The existing bathroom in this home was in pretty good shape, so most of the updates in here were purely cosmetic. I knew I wanted to carry the light and bright feel from the rest of the home into here, so I added floor to ceiling subway tile. To warm up all of the white, I incorporated an antique vanity rather than the classic sink area you’d expect. Another element that brought warmth to this space was the raw shiplap ceiling we found behind the drywall. These kind of surprises are always my favorite, and I think it really made this space.

We also added a freestanding tub, a classic-yet-interesting patterned floor tile, a and added a fresh coat of paint and new pulls to the existing cabinets on the back wall.


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For the master bedroom, I really wanted to do something unexpected. I don’t normally go for a darker ceiling, but with all of the white shiplap in this home, I liked the idea of cozying it up for the Childers. This raw wood ceiling really warms up the space, adds dimension and restores the character this family was looking for.

The Beanstalk Bungalow was definitely a fun house to make a home. Chip and I loved bringing this beauty back to life and were thrilled the Childers family loved it!

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  • Laurie
    9:00 pm, February 24, 2017
    I love the shingles used on this house. What are they called and where do you find them?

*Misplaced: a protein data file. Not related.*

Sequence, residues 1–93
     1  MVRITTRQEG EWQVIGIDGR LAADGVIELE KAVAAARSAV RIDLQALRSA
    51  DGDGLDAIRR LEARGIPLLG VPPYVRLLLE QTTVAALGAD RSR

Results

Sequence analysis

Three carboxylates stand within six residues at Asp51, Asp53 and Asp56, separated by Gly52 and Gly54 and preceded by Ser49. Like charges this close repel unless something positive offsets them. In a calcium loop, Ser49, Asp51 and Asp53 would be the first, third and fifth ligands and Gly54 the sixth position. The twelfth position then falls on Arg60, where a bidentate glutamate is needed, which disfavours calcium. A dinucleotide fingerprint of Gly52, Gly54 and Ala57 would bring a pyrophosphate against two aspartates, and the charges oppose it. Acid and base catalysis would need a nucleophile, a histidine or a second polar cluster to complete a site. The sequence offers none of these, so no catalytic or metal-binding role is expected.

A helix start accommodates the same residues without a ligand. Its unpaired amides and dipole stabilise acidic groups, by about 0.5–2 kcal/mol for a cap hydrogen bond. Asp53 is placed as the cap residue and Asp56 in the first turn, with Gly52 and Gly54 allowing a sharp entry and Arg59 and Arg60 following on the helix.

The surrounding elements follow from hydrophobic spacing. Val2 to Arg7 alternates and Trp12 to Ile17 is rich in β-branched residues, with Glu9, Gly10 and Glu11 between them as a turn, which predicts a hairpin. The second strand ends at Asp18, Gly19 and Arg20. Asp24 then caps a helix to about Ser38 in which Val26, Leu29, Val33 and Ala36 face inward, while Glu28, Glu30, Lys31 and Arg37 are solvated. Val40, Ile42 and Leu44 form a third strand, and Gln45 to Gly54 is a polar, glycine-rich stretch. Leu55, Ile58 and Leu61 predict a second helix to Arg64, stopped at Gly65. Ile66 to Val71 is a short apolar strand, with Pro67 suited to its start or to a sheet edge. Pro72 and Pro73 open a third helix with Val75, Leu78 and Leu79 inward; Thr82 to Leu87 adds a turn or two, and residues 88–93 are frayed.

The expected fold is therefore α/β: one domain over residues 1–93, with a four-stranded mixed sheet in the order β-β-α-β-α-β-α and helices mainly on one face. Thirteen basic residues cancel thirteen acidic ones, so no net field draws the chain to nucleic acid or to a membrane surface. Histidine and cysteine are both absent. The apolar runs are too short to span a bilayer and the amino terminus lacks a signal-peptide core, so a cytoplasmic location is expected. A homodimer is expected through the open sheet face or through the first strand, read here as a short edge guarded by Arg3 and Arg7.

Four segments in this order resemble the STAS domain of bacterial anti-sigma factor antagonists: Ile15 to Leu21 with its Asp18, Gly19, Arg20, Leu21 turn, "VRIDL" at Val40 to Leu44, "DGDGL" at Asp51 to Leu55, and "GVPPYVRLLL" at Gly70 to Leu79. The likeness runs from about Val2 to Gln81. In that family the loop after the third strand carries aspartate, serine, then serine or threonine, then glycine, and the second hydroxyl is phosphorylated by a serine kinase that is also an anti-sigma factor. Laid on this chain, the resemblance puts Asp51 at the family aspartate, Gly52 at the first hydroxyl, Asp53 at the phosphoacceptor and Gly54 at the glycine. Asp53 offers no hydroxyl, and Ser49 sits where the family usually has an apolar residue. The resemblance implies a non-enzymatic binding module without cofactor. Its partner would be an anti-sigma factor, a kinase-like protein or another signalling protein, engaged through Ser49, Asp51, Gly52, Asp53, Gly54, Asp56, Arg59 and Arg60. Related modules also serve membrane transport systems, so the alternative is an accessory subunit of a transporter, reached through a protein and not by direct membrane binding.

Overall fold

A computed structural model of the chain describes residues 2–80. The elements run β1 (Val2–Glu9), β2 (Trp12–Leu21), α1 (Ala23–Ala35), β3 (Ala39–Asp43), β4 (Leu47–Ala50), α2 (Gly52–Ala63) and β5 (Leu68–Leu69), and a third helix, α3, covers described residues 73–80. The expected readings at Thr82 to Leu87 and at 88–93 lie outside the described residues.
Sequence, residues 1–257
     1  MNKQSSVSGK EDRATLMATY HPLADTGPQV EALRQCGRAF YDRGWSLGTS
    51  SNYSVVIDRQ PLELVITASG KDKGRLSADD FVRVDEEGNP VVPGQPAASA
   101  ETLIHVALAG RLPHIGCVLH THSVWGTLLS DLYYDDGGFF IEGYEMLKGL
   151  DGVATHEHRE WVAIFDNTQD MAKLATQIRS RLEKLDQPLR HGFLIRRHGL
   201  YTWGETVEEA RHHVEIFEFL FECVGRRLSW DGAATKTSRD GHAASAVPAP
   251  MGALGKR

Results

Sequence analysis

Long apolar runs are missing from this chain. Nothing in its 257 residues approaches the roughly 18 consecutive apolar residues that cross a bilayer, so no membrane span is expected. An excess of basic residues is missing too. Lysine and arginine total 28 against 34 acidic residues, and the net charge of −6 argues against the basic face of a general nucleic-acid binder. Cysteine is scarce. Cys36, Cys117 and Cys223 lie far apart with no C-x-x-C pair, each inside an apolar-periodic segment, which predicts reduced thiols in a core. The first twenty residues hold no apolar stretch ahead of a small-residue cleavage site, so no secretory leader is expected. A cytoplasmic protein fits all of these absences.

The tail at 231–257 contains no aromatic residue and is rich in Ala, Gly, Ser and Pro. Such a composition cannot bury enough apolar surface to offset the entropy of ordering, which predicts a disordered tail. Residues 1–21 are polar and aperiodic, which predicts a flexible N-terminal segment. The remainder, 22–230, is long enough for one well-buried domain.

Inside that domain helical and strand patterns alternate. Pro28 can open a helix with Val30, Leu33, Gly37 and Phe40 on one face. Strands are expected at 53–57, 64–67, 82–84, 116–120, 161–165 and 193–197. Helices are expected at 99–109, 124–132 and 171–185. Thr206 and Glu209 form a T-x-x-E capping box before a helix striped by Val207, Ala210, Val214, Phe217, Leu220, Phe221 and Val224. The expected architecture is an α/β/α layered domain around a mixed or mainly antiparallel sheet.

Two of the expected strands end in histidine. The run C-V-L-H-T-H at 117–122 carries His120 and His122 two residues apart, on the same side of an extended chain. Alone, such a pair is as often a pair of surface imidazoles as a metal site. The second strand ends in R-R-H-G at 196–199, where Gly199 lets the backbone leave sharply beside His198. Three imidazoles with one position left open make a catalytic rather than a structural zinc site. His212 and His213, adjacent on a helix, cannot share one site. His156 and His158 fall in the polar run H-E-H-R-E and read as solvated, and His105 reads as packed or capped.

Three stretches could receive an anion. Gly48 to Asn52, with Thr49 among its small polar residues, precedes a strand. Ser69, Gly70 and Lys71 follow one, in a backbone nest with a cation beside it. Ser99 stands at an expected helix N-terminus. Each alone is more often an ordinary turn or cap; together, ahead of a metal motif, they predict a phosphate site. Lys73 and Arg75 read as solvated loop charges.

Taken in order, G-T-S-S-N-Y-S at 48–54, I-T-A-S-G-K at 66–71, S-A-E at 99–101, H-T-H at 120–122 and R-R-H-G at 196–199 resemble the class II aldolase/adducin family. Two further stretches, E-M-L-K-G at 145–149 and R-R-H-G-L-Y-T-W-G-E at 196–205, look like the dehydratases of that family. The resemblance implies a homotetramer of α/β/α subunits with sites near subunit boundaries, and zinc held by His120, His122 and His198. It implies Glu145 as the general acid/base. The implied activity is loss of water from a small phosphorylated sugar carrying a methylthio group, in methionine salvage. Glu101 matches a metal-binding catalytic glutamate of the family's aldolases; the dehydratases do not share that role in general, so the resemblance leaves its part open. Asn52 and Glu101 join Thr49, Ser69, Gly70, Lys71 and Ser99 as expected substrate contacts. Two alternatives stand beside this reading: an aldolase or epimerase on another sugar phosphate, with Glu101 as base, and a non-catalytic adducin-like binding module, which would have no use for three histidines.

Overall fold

• Susan
    3:08 pm, February 21, 2017
    Such a charming, sweet home. At the risk of being accused of being a naysayer, this was not my favorite renovation. I normally love the work done in fixer upper, but in this case, I almost feel the house was ruined.
    It seems they took a English/European style country cottage and turned it into a rustic farmhouse (clearly Joanna's design sweet spot).
    Too much shiplap in the home (even though owner likes it, does not mean it needs to be exposed in the entire house). The shiplap seemed to contrast the formal, classic English style of the orginal home and dress it down to a much more informal farm house style. The orginal style was not embraced which was a mistake. The origninal house was so charming.
    The wood ceiling and beams in the master bedroom were so unnecessary. The brick flooring in the dining room with shiplap walls looked like a room addition or porch that they closed in. Just did not fit.
    Anyway, normally love fixer uppper renos, but this one disappointed for me. I know, I am not the owner....just sayin.
  • Carok Porter
    10:40 am, February 19, 2017
    Really beautiful!!! But this couple takes the term "helicopter parenting" to new heights (no pun intended)
  • Kerry
    1:35 pm, February 7, 2017
    you seem to put your stove tops/ovens across from your sinks frequently.
    Why?
    And in terms of design, what are your thoughts about putting your stove top/oven to the left of the sink?
  • Meghan Lynch
    10:07 pm, January 31, 2017
    Where can I find the print of the 4 ivy plants in the master bedroom? I must have it for my guest room. Thank you!